How Positive Psychology Took My Health Coaching Game to the Next Level

I joined holistic nutrition, like many others before me, to solve my own problems with chronic allergies, stomach upset, anxiety, and other related issues. After completing a nutrition certification, I spent many years as a coach. 

My overall health improved tremendously during this time. I was still interested in integrative health and wanted to learn more so I could share my knowledge with my clients. My curiosity led me to positive psychology, and to WBI certification in Wholebeing Positive Psychology and Positive Psychology Coaching. 

While traditional therapy focuses on looking at a client’s life through the lens of the rearview mirror, a Positive Psychology Coach looks forward, towards the client’s potential and goals. How is this applicable to coaches supporting their clients’ health and wellness? Here’s how the field taught me how to take my health coaching—as well as my own health—to the next level. 


Coaching Approach

Positive psychology teaches us that we can be whole, resilient, and capable to create our own path towards achieving our goals. Coaches are encouraged to ask the right powerful questions, develop good listening skills, and use a solutions (not problem-focused) approach to achieving these goals. Coaches learn to help clients explore their motivations and values. They also learn from the lessons of the past. Coaches help build confidence around a client’s developing skills, and help them to achieve the changes they are seeking. 

Coaching questions I might ask:

  • At what point in your life did you feel the best—in mind, body, spirit—and what were you doing at that time to feel this way?
  • What would your life look if you had a magic wand that could bring all of your dreams to reality?
  • What would you do every day if you could just move 2% towards being more mindful, curious, and resilient?


Introduction to Valuable Research

Over the past decade, positive psychology research and interest has increased tremendously. Many concepts remain a solid foundation to the coaching process. A positive psychology approach is primarily future focused, with an emphasis on helping a client define and choose to develop their “best possible self.” WBI’s SPIRE model of integrative health offers a guide to achieving a whole-picture view of current and aspirational selves by honing in on how we are doing in the Spiritual, Physical, Intellectual, Relational, and Emotional aspects of life. Another important concept, introduced by Stanford professor Carol Dweck, revolves around a focus on developing a growth mindset—the belief that talents, abilities and intelligence can be developed through hard work and good strategies at any point in life. The emphasis is on perspective and choice, or improving our personal lenses in life.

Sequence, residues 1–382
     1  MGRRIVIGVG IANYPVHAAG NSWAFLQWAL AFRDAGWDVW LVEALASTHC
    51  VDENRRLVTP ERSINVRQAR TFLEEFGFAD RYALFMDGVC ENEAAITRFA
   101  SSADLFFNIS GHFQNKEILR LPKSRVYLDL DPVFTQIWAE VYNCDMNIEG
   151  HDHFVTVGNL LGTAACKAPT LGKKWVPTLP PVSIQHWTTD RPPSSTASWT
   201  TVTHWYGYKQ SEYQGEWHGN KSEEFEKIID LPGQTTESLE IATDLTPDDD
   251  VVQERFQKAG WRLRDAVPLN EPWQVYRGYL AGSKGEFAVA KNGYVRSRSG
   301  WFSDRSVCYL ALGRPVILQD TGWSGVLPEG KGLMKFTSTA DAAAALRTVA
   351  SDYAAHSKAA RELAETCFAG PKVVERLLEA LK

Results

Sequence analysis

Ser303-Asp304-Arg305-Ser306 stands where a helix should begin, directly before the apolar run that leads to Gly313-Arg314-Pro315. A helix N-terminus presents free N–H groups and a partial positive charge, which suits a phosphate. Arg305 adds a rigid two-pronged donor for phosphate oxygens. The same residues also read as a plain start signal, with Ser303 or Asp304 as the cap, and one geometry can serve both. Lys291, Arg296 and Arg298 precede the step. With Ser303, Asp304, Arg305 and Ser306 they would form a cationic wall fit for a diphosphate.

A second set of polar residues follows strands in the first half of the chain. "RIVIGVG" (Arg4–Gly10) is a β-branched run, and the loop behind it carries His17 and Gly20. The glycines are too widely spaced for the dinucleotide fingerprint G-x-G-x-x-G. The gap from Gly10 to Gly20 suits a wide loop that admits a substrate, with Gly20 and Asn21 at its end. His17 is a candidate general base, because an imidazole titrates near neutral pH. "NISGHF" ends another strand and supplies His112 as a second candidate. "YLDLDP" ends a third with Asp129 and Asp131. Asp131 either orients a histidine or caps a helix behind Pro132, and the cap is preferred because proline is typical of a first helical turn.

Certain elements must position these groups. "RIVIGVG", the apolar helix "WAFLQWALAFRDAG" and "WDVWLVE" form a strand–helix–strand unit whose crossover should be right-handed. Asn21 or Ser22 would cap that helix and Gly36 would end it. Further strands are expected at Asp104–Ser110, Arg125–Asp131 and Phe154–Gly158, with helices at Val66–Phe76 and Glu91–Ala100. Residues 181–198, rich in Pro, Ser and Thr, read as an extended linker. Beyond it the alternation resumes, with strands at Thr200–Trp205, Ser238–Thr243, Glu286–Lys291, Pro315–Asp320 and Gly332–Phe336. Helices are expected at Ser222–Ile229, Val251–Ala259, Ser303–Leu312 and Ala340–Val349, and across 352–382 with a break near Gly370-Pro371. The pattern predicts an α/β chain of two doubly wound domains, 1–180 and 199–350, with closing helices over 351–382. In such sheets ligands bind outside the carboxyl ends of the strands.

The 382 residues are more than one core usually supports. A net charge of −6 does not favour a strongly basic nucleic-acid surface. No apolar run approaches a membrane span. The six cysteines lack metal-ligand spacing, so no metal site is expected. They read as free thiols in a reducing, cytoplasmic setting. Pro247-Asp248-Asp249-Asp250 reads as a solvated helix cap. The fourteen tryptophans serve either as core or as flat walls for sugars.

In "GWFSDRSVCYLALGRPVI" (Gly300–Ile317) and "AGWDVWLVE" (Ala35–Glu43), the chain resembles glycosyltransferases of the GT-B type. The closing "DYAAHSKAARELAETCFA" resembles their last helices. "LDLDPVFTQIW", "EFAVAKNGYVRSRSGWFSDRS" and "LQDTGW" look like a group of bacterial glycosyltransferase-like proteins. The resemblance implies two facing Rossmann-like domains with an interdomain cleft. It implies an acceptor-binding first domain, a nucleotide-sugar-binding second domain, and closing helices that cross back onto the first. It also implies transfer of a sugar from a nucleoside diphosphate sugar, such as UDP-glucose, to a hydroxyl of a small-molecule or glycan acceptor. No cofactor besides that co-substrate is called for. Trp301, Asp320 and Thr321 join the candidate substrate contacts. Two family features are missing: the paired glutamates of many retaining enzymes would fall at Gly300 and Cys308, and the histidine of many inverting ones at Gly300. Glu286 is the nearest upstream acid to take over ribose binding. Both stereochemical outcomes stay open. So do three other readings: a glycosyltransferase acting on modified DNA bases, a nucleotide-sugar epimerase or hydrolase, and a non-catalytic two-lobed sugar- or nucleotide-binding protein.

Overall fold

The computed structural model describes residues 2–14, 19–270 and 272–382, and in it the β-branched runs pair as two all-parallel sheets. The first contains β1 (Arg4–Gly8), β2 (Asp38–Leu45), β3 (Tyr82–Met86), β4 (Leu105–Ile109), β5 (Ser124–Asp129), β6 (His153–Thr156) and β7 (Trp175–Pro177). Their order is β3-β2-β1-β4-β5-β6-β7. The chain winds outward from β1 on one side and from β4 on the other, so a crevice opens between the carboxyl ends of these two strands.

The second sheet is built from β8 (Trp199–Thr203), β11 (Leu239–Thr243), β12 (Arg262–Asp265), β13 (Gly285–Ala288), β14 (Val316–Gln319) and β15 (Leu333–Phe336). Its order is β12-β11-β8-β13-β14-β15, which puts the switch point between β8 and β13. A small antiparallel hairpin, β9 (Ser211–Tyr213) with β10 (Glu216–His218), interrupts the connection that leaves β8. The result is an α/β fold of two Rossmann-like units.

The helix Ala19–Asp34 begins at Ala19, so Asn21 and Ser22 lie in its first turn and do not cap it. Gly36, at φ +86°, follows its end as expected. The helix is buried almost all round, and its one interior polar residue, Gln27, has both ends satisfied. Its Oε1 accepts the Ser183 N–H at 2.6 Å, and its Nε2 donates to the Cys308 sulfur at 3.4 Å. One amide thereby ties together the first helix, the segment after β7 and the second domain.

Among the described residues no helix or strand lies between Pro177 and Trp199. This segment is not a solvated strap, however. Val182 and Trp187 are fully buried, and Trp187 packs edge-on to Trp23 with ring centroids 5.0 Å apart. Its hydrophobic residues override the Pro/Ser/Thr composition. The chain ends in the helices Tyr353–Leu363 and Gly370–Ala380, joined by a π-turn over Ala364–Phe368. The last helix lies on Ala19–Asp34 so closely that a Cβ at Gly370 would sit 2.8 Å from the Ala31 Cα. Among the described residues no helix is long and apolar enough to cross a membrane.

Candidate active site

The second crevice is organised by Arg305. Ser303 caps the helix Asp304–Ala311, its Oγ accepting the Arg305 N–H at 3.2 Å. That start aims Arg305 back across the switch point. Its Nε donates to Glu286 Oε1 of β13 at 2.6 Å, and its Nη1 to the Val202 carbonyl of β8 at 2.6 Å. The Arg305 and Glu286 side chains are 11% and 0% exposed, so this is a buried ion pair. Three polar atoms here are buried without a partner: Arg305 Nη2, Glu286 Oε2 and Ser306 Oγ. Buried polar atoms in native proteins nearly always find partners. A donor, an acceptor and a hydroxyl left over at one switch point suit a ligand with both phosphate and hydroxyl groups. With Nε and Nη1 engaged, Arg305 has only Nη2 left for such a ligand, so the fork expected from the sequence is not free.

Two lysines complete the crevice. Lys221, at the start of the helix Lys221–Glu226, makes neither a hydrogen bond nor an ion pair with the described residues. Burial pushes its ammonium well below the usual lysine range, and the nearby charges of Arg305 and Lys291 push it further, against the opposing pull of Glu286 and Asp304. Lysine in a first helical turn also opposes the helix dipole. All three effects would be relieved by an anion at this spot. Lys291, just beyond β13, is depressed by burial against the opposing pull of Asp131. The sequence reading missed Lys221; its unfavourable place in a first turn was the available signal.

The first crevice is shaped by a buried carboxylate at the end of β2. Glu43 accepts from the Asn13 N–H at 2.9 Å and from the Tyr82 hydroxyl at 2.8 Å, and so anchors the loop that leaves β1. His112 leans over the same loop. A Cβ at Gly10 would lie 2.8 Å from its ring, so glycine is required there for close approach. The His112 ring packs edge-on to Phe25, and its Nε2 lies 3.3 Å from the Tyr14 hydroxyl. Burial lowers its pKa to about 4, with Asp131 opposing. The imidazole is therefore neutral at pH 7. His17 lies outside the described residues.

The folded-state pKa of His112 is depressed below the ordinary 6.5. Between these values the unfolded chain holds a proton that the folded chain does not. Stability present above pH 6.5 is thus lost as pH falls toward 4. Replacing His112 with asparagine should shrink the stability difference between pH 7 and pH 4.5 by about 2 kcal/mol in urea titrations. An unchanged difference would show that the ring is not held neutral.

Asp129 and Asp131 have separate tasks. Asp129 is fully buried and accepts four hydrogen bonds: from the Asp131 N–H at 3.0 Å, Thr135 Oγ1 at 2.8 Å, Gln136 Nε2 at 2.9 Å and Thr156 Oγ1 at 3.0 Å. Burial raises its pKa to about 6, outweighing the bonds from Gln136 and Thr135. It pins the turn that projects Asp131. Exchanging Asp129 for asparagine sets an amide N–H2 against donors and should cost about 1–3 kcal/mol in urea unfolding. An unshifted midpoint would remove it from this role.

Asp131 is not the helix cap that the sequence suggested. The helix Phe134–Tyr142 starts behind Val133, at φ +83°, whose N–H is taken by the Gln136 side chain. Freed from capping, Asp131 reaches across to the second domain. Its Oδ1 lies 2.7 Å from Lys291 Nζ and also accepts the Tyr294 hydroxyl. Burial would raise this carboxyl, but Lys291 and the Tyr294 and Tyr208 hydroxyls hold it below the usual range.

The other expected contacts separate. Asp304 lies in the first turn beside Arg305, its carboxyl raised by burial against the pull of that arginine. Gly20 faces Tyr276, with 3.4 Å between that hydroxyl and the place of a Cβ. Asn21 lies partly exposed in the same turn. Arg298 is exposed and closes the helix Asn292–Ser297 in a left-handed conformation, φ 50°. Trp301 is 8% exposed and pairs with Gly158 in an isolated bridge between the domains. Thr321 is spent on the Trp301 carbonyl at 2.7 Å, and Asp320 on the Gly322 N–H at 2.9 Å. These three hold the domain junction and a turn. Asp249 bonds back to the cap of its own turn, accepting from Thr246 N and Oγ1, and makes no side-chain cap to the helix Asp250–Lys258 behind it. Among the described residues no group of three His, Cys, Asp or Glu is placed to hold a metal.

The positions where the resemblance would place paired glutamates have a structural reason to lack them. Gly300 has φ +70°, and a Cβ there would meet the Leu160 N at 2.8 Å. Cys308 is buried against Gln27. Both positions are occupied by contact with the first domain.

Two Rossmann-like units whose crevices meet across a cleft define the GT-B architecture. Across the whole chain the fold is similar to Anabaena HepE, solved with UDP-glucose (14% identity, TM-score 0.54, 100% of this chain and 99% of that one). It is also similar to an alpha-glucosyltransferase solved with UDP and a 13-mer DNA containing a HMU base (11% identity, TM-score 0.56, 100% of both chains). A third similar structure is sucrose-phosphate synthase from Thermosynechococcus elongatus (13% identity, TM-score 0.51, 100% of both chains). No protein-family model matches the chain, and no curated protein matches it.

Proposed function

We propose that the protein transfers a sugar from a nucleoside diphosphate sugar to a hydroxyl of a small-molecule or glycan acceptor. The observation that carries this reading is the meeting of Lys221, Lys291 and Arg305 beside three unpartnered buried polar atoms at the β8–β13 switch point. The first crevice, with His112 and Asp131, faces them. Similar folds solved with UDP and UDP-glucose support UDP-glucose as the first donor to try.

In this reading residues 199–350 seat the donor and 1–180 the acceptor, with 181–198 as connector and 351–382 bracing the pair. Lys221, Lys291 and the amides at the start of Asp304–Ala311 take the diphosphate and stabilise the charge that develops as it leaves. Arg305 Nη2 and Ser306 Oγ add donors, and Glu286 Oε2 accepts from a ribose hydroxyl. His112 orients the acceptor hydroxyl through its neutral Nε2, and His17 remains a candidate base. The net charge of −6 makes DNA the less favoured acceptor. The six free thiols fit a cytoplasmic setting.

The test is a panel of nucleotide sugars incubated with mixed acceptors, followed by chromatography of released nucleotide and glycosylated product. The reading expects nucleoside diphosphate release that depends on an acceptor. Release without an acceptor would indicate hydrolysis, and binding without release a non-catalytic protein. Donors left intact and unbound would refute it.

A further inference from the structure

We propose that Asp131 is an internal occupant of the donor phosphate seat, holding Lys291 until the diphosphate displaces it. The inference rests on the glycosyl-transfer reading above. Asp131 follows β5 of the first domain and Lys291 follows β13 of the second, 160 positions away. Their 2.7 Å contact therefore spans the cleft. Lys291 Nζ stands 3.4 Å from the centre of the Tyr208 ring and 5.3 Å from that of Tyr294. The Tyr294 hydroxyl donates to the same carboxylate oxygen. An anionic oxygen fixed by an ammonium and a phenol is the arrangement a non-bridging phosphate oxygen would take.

Coaching questions I might ask:

  • Imagine yourself 10 years from now. You have achieved your goals and everything has gone as planned. What are you doing now? What is the best thing about your life?
  • Rate yourself on a scale of 1 to 10 on the SPIRE scale, with 1 being “not at all,” and 10 being “most of the time.” Let’s discuss our findings. 
  • Think about a recent challenge you were faced with at work or personally. In what ways did you adopt a fixed mindset and in what ways did you experience a growth mindset?


Tools and exercises

I was able to find many tools and exercises to help clients reach their goals. One such tool my clients complete is the Values in Action (VIA) Character Strength survey. Clients as whole and capable allows for the exploration of what is unique about them. Strengths such as curiosity, creativity, teamwork, perseverance, and hope are often engaged to help a client succeed. One of my favorite strategies is “strength spotting,” noticing what strength is being engaged and how it is helping in a certain situation. Another strategy is to look at the ways that a client might increase positive emotions. For example, listening to uplifting music or podcasts, going for a walk in the countryside, learning a new skill, or visiting a friend. Another strategy that I love is to focus on the quality of our relationships. Expressing gratitude and appreciation to someone who is special or has helped you recently can be a powerful way to strengthen a relationship. 


Coaching questions I might ask:

  • Name your top five character strengths, based on the VIA Survey. Which strength was particularly strong in the past week?
  • What activities bring you joy each week? What can you do to make these activities more enjoyable? 
  • Would you be willing to write one “gratitude text” each day this week to someone whom you appreciate or love?


As I began integrating these concepts into my coaching engagements and presentations, I noticed an increase in confidence in myself and my skills—I had so much more to share when speaking with individuals, groups, organization, and corporations. Positive psychology tools and strategies can make your life easier and more rewarding. 

Learn more about WBI’s Positive Psychology Coaching Certification program.

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